They, the little crowd before me, think I want to be friends with them. My first inclination is to smile ingratiatingly, to get on their side, to become one with them, join the crowd, let’s all have fun, best friends forever. In my heart I know that the path to friendship, a lasting love and appreciation is by taking my place as their teacher seriously, and to not give a care in the world whether they like me or not. How in the world do I do that? Is there a book to read, some guide for this crazy world of teacher versus student?
It comes to me from somewhere to tell them right off, first thing, that I already love them, every one of them, whether they want to be here or not, doesn’t matter to me, doesn’t faze me, I just love them. I tell them that I don’t really care if they love me back, doesn’t matter to me, doesn’t faze me, they don’t have to love me. Perhaps that’s not totally honest, but I want it to be. If they want to be here, want to learn, want to respect the laws of the land, that’s fine, I’ll let them stay in my class and we will have fun together, we will learn a lot, we might even be friends. Otherwise, it doesn’t matter to me, they can stay home with their parents, do their own thing, just don’t come to school and bother me and the rest and get in the way of learning.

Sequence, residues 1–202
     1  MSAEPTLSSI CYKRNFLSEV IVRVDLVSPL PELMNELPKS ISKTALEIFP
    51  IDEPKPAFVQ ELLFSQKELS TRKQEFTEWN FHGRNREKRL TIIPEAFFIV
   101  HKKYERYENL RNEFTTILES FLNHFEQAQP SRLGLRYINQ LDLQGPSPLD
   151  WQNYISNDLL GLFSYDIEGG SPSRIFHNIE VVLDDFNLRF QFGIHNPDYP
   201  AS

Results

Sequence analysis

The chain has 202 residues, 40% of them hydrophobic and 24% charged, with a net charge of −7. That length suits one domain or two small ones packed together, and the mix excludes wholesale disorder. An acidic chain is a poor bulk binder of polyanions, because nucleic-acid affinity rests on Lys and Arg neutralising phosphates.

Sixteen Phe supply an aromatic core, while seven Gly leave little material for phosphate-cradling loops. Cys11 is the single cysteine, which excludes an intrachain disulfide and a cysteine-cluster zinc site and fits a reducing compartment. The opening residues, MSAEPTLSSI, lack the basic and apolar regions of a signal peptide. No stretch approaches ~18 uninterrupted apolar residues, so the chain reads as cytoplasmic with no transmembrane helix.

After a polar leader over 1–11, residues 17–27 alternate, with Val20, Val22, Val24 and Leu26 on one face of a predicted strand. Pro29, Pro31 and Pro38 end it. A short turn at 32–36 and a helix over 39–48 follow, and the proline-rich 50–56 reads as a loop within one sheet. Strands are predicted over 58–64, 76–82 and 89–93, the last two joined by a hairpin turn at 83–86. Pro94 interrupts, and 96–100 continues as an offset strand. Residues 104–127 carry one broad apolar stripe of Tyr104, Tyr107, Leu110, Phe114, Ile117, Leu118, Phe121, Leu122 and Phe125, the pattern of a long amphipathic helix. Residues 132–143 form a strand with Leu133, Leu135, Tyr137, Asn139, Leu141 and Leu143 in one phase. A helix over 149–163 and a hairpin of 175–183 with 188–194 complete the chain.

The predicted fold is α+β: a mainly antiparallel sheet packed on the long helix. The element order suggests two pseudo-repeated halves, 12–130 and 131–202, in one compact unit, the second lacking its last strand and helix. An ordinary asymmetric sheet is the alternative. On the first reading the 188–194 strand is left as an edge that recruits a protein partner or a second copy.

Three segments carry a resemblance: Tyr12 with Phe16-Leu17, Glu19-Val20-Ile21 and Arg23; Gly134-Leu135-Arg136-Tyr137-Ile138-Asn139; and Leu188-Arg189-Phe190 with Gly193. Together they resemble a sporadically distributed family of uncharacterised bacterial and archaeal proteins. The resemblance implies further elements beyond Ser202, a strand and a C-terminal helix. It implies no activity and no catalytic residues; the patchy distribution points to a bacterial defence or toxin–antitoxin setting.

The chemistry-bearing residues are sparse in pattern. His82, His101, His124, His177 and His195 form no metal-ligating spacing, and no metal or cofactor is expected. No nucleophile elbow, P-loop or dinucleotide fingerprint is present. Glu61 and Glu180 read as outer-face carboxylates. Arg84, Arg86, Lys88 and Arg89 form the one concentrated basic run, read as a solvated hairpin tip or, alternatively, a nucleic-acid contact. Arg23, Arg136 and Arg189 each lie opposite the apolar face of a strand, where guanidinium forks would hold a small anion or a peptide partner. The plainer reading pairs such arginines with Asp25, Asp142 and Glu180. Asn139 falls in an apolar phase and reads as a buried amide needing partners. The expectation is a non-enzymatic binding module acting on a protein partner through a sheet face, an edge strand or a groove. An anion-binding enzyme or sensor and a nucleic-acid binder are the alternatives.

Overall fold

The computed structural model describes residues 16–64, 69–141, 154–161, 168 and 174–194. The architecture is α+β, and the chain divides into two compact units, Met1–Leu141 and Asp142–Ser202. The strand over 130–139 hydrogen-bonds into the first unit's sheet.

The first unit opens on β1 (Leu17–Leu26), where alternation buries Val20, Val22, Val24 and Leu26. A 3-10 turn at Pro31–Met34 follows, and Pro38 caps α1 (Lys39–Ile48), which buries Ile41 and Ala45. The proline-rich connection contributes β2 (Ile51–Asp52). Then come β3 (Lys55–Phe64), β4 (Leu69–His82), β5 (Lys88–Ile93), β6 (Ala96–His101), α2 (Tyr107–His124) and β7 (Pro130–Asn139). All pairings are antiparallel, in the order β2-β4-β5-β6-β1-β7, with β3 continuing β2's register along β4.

I know deep down that every one of them, from lanky who doesn’t care to lovely blue eyes, wants to be here, loves socializing if nothing else, and are a bit intrigued at this new fresh year. Right now their actions, housed in insecure, uncomfortable skin, is at odds with their eyes, eyes that are two bright windows into their young souls, eyes that hide the sponge inside, the sponge just waiting to soak it all up.
Next we make the rules. I tell them they can make the rules. They blink and stare. Well why not, you’re the ones with the experience. You’ve been here, seen this rodeo, you know what’s right and what’s wrong. They know better than me, kids always do, where the boundaries are. That doesn’t mean they don’t cross them, some love nothing better than to play hopscotch with boundaries, jumping squares, one foot down, one up, one eye on their peers, one on the teacher, who may come in any moment, just might get mad, just might holler, just might make ‘em write lines. Pure entertainment. It’s a game that some love to play.